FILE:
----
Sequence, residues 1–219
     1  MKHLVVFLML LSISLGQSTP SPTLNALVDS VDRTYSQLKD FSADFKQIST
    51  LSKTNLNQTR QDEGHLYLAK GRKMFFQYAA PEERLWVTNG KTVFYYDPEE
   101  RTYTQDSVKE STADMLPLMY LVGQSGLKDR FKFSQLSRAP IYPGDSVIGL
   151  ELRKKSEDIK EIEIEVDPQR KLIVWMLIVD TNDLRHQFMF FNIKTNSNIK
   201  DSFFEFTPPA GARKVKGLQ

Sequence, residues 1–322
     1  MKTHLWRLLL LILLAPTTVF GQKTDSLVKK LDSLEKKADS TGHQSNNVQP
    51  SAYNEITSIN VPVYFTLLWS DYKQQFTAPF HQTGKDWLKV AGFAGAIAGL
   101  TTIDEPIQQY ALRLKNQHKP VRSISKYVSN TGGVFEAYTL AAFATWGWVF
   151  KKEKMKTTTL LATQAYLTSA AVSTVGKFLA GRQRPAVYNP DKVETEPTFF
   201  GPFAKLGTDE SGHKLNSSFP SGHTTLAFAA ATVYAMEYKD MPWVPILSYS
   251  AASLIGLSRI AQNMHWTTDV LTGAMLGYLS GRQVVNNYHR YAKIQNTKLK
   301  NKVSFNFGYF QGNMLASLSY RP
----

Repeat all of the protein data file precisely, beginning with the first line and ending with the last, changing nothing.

Sequence, residues 1–219
     1  MKHLVVFLML LSISLGQSTP SPTLNALVDS VDRTYSQLKD FSADFKQIST
    51  LSKTNLNQTR QDEGHLYLAK GRKMFFQYAA PEERLWVTNG KTVFYYDPEE
   101  RTYTQDSVKE STADMLPLMY LVGQSGLKDR FKFSQLSRAP IYPGDSVIGL
   151  ELRKKSEDIK EIEIEVDPQR KLIVWMLIVD TNDLRHQFMF FNIKTNSNIK
   201  DSFFEFTPPA GARKVKGLQ

Sequence, residues 1–322
     1  MKTHLWRLLL LILLAPTTVF GQKTDSLVKK LDSLEKKADS TGHQSNNVQP
    51  SAYNEITSIN VPVYFTLLWS DYKQQFTAPF HQTGKDWLKV AGFAGAIAGL
   101  TTIDEPIQQY ALRLKNQHKP VRSISKYVSN TGGVFEAYTL AAFATWGWVF
   151  KKEKMKTTTL LATQAYLTSA AVSTVGKFLA GRQRPAVYNP DKVETEPTFF
   201  GPFAKLGTDE SGHKLNSSFP SGHTTLAFAA ATVYAMEYKD MPWVPILSYS
   251  AASLIGLSRI AQNMHWTTDV LTGAMLGYLS GRQVVNNYHR YAKIQNTKLK
   301  NKVSFNFGYF QGNMLASLSY RP